California continues to have one of the most desirable and competitive housing markets in the nation, but a new study suggests that the hot housing market might be cooling in some cities.
SmartAsset, an online hub for consumer finance information, analyzed the top 100 housing markets in the U.S. and found that some California metropolitan areas are cooling off significantly faster than other cities.
Three California metro areas were in the study’s top 10 for cooling markets.
The San Jose/Santa Clara metro area came in at fourth on the list — the highest of all California cities. Smartasset points to a high number of price reductions on homes as well as lower demand.
“Houses are on the market for roughly 19 days (eighth-highest), which is a 90% increase since exactly one-year ago (18th-highest). There has also been a 43.17% decrease in the number of houses sold and 26.81% of current listings have a price cut,” according to the study.
Coming in at No. 8, and the second California metro area on the list, is San Diego.
“America’s Finest City” saw a 35% decline in houses sold compared to one year ago, and houses that do go up for sale are staying on the market for twice as long in some situations.
Rounding out the top 10 is Stockton. The county seat of San Joaquin County is seeing similar issues as the other cities on the list; homes are staying on the market longer than in the previous year and homeowners are having to slash prices to get their properties sold. More than one-third of all homes on the market over the last year have had a price cut, the study found.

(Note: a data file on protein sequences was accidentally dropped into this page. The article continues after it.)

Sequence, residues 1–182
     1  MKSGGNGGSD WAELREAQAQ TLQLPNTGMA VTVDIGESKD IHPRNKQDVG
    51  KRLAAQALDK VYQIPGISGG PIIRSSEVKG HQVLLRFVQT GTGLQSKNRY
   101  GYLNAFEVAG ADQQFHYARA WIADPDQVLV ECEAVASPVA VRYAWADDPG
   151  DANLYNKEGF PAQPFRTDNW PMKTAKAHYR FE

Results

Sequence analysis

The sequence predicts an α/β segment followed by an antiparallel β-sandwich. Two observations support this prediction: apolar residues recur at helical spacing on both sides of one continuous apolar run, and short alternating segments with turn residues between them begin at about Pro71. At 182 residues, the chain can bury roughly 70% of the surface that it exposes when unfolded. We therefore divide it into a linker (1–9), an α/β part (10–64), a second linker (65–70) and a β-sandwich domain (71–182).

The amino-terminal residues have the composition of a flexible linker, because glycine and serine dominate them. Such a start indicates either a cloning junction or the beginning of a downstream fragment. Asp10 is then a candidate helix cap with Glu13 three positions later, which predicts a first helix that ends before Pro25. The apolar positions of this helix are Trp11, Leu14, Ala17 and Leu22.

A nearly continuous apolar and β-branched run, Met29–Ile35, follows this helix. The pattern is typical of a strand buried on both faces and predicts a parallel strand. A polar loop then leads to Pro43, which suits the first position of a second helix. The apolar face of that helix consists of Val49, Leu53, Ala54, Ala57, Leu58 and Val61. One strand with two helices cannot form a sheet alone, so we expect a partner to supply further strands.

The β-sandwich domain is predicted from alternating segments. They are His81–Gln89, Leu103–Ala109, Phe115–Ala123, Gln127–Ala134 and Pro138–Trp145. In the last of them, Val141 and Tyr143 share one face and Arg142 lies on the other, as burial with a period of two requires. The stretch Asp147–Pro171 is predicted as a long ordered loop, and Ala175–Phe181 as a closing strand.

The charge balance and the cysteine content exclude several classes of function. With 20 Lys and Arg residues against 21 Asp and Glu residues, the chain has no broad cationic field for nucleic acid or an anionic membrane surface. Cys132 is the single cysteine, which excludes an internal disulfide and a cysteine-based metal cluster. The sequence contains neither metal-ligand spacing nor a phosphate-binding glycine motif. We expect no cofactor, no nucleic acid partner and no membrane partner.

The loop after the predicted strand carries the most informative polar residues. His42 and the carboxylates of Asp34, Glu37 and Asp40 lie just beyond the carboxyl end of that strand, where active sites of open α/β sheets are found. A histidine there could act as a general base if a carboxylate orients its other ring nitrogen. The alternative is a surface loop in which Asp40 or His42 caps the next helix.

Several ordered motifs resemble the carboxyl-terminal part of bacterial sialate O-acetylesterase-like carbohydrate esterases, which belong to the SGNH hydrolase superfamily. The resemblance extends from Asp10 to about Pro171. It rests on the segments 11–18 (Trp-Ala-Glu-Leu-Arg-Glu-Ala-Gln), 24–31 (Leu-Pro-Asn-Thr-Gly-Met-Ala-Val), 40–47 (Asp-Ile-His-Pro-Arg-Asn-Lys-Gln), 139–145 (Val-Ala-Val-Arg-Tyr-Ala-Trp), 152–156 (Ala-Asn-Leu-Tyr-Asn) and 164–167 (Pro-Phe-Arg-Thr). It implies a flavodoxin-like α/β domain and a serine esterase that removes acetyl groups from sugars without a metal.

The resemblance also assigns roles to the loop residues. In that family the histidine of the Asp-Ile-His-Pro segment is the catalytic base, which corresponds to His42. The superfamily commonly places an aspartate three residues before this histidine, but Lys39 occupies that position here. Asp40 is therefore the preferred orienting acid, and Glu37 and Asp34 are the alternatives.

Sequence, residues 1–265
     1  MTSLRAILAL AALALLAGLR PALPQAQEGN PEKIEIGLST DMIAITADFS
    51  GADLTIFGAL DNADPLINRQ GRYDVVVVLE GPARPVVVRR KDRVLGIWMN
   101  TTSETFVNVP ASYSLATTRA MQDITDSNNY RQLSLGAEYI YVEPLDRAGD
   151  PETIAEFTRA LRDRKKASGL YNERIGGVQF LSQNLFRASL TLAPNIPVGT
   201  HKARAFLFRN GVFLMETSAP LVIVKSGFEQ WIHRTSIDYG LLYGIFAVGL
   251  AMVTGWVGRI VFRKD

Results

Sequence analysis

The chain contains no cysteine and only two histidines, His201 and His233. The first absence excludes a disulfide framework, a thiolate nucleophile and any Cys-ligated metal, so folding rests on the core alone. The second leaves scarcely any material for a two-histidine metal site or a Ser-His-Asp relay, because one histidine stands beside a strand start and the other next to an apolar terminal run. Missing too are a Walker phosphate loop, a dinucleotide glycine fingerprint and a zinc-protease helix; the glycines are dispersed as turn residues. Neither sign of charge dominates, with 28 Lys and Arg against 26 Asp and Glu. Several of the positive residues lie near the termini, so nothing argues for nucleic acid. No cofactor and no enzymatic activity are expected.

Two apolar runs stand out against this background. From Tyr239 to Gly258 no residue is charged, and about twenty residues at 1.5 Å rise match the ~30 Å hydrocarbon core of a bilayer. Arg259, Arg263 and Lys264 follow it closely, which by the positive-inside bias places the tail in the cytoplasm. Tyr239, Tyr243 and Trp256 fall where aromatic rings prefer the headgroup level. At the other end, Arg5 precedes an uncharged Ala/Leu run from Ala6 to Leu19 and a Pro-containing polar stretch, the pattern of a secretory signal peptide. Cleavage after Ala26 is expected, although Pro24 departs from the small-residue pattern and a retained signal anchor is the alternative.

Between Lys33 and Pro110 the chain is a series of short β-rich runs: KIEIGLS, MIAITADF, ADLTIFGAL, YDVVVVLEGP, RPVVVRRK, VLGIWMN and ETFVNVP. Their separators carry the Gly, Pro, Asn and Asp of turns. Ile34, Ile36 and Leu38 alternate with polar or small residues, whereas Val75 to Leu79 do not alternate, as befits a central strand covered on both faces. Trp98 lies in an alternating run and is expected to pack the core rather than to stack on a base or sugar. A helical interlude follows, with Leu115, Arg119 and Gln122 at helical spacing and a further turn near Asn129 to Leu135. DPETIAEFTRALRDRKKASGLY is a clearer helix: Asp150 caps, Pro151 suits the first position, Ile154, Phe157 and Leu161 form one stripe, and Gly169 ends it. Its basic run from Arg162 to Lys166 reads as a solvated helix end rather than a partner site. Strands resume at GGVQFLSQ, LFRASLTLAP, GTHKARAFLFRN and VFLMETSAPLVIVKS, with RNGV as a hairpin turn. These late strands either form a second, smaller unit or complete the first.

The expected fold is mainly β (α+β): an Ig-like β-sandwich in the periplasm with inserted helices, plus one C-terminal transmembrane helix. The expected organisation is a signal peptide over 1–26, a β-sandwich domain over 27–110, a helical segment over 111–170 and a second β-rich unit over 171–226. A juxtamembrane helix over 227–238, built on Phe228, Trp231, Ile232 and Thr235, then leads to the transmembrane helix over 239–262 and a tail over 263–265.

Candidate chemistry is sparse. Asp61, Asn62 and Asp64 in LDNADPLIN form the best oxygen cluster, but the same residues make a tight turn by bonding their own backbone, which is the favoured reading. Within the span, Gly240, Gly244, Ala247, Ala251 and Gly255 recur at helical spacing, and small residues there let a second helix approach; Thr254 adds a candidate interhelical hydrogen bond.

But no city is experiencing the effects of a stagnant housing market worse than Boise, Idaho.
Once a hotspot for people wanting to leave the big city life behind during the pandemic, the housing market in Idaho’s capital is icy — to say the least.
“Boise has the sixth-lowest ratio of number of sold houses to new listings (0.49), meaning that almost twice as many houses are being listed relative to ones that are sold,” according to SmartAsset. The study also found that homes were staying on the market 186% longer than in the previous year.
Austin, Texas, another “getaway” city during the pandemic, came in at No. 2 and Phoenix, Arizona landed at No. 3.
As for Angelenos, the housing market is still chugging along but it is showing some signs of slowing.
The Los Angeles/Long Beach/Anaheim metro area came in 24th on the list, mainly due to decreased demand.
Other California regions made the list as well. The Inland Empire landed at No. 17, San Francisco at No. 25, Fresno at No. 37 and Bakersfield came in at No. 42, respectively.
For a complete list of which housing markets are cooling, and to read more about the study’s methodology, click here.
With mortgage rates hitting new highs, many people are shying away from dipping their toes into the market, but SmartAsset suggests now might be as good a time as any to buy a home before things start heating up once again.